Big issue of the day is the COVID-19 coronavirus pandemic. It's a political issue because the Trump Administration's response has been a complete cluster$%#@. Our intelligence agencies knew back in December that China had a very deadly and highly contagious outbreak, the blog Balloon Juice began running consolidated tweet posts on the pandemic on 21 January, presidential candidate Elizabeth Warren came out with a plan for dealing with it on 28 January, but the announcement that the US had a serious crisis on its hands waited until 13 March.
Google has been keeping track of numbers. The number of US new cases of the coronavirus has been going up and down since 4 April, but it has remained steady at about 30k new cases per day, give or take about 5k.
The President was seriously embarrassed when he announced that Google was going to build a website that was going to help with the pandemic. Good idea, but kind of a problem with that was that the President's son-in-law, Jared Kushner, had sold Trump on the idea of the website. It would have helped had Google been informed. We can properly blame Kushner for failing in this regard, but it's also the President's fault for not following up and getting details about the website.
How are our front-line health care people doing? According to the President, things couldn't be better. According to knowledgeable observers:
...the wealthiest country in history cannot seem to provide basic medical equipment to doctors and nurses and lifesaving care to its citizens during an emergency.At this point, with deaths from the coronavirus having surpassed the death toll from US soldiers fighting the Vietnam War, there are only three events in American history more costly in terms of US lives lost, World Wars I & II and the post-World War I Spanish Flu.
This was a related protest that started their march when we got there.
Can the Trump Administration place any of the blame for their poor performance on their predecessors, the Obama Administration? The National Security Adviser for Obama, Susan Rice says (words to the effect of): "Awww! HELL no!!!"
"But the broader narrative that somehow the Obama administration left this new administration unprepared is ridiculous. First of all, this is 3 1/2 years into the Trump administration. They own whatever the situation is.
"Secondly, we understood very clearly the real likelihood of a pandemic. President Obama spoke to it publicly in December 2014 as we were wrestling with the Ebola epidemic. I set up an office at the White House, solely for the purpose of tracking global health events and possible pandemics and responding to them. We left them a 69-page playbook which I called 'pandemics for dummies' which was designed to enable an administration to walk through a set of issues and questions and begin to prepare a response.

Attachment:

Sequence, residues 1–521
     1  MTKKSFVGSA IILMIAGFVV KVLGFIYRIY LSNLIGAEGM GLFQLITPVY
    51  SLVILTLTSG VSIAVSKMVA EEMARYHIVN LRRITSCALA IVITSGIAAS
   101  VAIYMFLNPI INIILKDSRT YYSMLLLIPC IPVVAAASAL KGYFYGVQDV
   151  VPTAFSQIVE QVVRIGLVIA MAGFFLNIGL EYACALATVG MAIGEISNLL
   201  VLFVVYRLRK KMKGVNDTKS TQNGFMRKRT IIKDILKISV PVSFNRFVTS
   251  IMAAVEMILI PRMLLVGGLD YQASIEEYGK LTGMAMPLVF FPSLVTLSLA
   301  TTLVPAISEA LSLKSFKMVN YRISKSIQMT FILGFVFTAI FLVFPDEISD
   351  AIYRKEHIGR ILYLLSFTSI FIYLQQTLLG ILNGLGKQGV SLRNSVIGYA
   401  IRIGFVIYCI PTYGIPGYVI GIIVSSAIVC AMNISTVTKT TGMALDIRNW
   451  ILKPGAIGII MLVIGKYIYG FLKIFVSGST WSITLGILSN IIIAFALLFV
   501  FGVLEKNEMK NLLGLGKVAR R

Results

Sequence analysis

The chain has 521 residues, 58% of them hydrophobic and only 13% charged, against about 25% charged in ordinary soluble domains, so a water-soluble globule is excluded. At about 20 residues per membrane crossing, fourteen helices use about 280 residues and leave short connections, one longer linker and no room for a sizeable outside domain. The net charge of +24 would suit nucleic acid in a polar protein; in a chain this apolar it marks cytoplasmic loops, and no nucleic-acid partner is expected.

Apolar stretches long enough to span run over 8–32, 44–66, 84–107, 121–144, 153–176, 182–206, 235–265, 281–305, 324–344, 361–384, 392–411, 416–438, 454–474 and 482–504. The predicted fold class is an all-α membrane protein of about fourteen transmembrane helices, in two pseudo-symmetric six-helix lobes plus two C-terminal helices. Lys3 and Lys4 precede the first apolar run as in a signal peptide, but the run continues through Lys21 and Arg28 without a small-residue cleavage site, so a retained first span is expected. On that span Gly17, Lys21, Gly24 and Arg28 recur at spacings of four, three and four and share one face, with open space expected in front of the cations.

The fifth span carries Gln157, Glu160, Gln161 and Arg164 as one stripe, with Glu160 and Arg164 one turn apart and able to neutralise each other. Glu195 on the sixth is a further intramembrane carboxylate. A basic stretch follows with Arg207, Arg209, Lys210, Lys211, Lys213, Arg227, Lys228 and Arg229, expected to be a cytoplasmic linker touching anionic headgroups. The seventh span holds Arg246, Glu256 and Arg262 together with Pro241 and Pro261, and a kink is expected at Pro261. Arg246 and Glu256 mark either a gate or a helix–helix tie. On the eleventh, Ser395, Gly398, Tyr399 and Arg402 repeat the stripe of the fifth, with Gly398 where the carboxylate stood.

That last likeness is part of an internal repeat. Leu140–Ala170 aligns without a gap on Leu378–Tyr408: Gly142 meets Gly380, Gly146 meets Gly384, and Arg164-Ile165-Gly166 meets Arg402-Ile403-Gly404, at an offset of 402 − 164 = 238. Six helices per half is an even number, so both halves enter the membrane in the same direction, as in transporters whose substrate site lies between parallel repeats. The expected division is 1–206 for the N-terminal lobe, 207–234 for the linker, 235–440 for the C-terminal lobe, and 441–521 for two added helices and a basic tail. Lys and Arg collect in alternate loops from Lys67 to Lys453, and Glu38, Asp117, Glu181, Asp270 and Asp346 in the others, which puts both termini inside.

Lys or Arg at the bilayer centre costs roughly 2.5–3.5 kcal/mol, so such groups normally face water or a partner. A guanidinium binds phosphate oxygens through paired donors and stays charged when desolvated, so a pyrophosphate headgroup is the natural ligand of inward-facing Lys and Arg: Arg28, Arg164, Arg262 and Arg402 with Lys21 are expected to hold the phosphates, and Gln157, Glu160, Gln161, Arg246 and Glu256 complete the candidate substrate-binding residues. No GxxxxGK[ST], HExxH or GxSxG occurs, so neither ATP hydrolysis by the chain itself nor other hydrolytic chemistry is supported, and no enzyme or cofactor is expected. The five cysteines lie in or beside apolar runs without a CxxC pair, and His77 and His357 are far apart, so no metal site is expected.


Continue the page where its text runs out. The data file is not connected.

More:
"They dismantled the office, discarded the playbook. They disregarded the exercise we prepared for them to enable them to work through these kinds of issues in the transition, and they never prioritized pandemics as the catastrophic threat we all knew it could be."
For an absolutely staggering example of mismanagement and dysfunction, it's hard to beat the Department of Agriculture and food insecurity for tens of millions of Americans. The sudden loss of the restaurant business meant that farms had nowhere to sell their produce. The sudden loss of millions of jobs meant people couldn't afford food. The solution seems rather obvious. The government should buy up produce and then move the food to food banks. For some strange reason, the Department of Agriculture has reacted as though only a few hundred thousand people were affected. We've got a food-insecure population of 54 million and that includes 18 million children! George Ervin “Sonny” Perdue, who's the head of the Department of Agriculture, appears to be in WAY over his head!
Problem is, even after the President agreed there was a very serious problem as of 29 March, in the 34 days following, erm, not very much got done by the White House.
The emerging portrait is one of a hapless and confused president, preoccupied with grievances and his own personal political fortunes, unable to tell the difference between failures and successes, veering in wildly different directions from one day to the next. It was a posture that led the White House to pass the buck, leaving key decisions to governors and mayors -- in part because White House officials hoped to avoid responsibility, and in part because they weren't altogether sure what to do.
It's quite clear in the President's response here that he's given the issue of over-crowded meat plants leading to their being COVID-19 hotspots little to no thought. his total research on the issue appears to have consisted of listening to a few offhand comments without any real understanding of the issue.
The "shadow task force" headed by Jared Kushner is playing a largely unknown but apparently very destructive role in getting supplies of needed, life-saving equipment to front-line health care personnel. According to GQ:
Inside the Federal Emergency Management Agency (FEMA), Kushner doesn't inspire anywhere near the confidence Trump seems to have in him—in fact, his task force is derisively labelled "the children" since they seem to have no idea what they're doing and are more focused on tapping personal contacts than making effective decisions.There's simply no evidence that Kushner is doing anything that's even remotely effective or useful.
So, any good news to report? Governors are reaping the benefits of being able to demonstrate competence, in contrast to the White House. Maryland recently had to sneak in a shipment of a half-million test kits. They were very concerned that the federal government would confiscate the shipment. fortunately, they got it safely into the state.